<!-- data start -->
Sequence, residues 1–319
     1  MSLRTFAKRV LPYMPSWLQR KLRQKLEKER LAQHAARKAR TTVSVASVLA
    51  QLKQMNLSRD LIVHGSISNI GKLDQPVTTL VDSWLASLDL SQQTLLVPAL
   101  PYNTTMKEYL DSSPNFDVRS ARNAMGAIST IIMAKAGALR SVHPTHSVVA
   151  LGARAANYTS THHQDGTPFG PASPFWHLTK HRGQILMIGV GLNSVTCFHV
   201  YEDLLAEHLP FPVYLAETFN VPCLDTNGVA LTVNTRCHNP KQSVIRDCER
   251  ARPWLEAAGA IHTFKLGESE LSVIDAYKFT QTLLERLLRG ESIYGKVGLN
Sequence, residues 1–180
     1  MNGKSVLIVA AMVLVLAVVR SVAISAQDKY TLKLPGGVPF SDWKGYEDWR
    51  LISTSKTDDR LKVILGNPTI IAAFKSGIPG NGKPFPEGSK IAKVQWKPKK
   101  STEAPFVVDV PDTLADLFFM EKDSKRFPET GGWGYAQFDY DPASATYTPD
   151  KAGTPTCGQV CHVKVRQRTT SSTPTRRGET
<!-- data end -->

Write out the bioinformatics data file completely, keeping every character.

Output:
Sequence, residues 1–319
     1  MSLRTFAKRV LPYMPSWLQR KLRQKLEKER LAQHAARKAR TTVSVASVLA
    51  QLKQMNLSRD LIVHGSISNI GKLDQPVTTL VDSWLASLDL SQQTLLVPAL
   101  PYNTTMKEYL DSSPNFDVRS ARNAMGAIST IIMAKAGALR SVHPTHSVVA
   151  LGARAANYTS THHQDGTPFG PASPFWHLTK HRGQILMIGV GLNSVTCFHV
   201  YEDLLAEHLP FPVYLAETFN VPCLDTNGVA LTVNTRCHNP KQSVIRDCER
   251  ARPWLEAAGA IHTFKLGESE LSVIDAYKFT QTLLERLLRG ESIYGKVGLN
Sequence, residues 1–180
     1  MNGKSVLIVA AMVLVLAVVR SVAISAQDKY TLKLPGGVPF SDWKGYEDWR
    51  LISTSKTDDR LKVILGNPTI IAAFKSGIPG NGKPFPEGSK IAKVQWKPKK
   101  STEAPFVVDV PDTLADLFFM EKDSKRFPET GGWGYAQFDY DPASATYTPD
   151  KAGTPTCGQV CHVKVRQRTT SSTPTRRGET